IPCC report ‘not a scientifically rigorous document’ says professor


Not exactly shock news perhaps, but words like ‘extreme’ and ‘unrealistic’ ought to be embarrassing for those who summoned over 20,000 people from around the world to Poland to spend several days discussing it.

From The GWPF.

London, 20 December: One of Europe’s most eminent climate scientists has documented the main scientific reasons why the recent UN climate summit failed to welcome the IPCC’s report on global warming of 1.5°C.

In a paper published today by the Global Warming Policy Foundation Professor Ray Bates of University College Dublin explains the main reasons for the significant controversy about the latest IPCC report within the international community.

The IPCC’s Special Report on a Global Warming of 1.5°C (SR1.5) was released by the Intergovernmental Panel on Climate Change (IPCC) in advance of the recent COP24 meeting in Katowice, Poland, but was not adopted by the meeting due to objections by a number of governments.

Professor Bates examines some key aspects of the SR1.5 report. He assesses if the IPCC report exhibits a level of scientific rigour commensurate with the scale of its extremely costly and highly disruptive recommendation that carbon emissions be reduced to zero by mid-century.

The paper concludes that such a level of scientific rigour is not present in the report. Specifically, SR1.5 is deficient in scientific rigour in the following respects:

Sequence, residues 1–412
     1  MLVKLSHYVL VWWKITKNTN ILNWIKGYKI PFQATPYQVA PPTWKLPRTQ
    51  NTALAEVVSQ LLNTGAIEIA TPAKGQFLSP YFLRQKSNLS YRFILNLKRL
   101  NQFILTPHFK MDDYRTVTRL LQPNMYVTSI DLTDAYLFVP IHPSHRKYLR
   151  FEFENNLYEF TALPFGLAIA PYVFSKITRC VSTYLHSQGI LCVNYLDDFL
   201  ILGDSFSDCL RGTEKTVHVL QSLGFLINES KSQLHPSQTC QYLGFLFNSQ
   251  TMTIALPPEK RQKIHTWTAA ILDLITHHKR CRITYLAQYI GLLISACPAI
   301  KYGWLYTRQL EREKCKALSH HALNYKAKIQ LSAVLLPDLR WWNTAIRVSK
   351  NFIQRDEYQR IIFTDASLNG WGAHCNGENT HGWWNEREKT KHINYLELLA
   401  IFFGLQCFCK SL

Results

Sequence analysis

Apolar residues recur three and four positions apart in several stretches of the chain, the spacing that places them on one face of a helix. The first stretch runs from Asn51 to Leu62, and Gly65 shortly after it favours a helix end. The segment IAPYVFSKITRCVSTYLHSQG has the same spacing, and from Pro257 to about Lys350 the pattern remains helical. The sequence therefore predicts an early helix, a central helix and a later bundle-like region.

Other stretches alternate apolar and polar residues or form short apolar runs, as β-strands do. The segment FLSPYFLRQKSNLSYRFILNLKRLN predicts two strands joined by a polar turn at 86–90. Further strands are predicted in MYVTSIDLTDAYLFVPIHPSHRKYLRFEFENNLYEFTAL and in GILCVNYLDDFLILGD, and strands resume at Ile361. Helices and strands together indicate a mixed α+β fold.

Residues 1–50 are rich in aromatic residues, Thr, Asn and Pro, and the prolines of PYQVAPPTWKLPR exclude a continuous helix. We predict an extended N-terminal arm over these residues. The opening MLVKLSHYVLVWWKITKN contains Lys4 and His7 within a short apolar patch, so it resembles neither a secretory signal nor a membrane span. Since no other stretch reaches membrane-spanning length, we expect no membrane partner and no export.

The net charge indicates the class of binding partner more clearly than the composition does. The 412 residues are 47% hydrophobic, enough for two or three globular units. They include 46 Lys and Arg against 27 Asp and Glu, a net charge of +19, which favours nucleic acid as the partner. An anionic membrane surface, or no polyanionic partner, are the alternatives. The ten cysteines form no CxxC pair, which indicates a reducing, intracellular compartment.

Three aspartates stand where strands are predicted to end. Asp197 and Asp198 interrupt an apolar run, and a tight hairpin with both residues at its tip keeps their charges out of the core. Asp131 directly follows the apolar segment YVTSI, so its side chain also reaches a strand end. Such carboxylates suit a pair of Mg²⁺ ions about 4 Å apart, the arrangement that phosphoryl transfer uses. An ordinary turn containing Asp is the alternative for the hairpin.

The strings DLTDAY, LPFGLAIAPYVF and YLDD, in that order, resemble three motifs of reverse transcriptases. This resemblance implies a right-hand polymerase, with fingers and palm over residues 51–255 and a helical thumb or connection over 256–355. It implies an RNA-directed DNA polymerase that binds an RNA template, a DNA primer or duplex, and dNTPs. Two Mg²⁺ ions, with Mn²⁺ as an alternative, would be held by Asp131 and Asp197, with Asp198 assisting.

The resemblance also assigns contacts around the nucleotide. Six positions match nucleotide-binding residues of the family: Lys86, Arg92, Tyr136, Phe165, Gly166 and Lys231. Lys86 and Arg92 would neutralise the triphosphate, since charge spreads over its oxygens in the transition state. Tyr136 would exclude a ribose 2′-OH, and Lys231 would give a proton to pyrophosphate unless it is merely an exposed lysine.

● It departs from the IPCC’s Fifth Assessment Report in conveying an increased sense of planetary emergency without giving rigorous scientific reasons for doing so.

● It fails to communicate to policymakers a considerable body of important observationally-based research evidence that has accumulated since the Fifth Assessment which reduces the sense of a looming emergency.

● It fails to communicate important information made public by climate modellers since the Fifth Assessment regarding the empirical tuning of models to achieve desired results.

The paper concludes that, in view of these deficiencies, the SR1.5 report does not merit being regarded by policymakers as a scientifically rigorous document.

“There is much recent observational and scientific evidence that the IPCC report has failed to include and which supports a more considered mitigation strategy than the extreme and unrealistic measures called for in the SR1.5 report,” said Prof Bates.

Continued here.

via Tallbloke’s Talkshop

https://ift.tt/2A8mkAt

December 20, 2018 at 05:42AM

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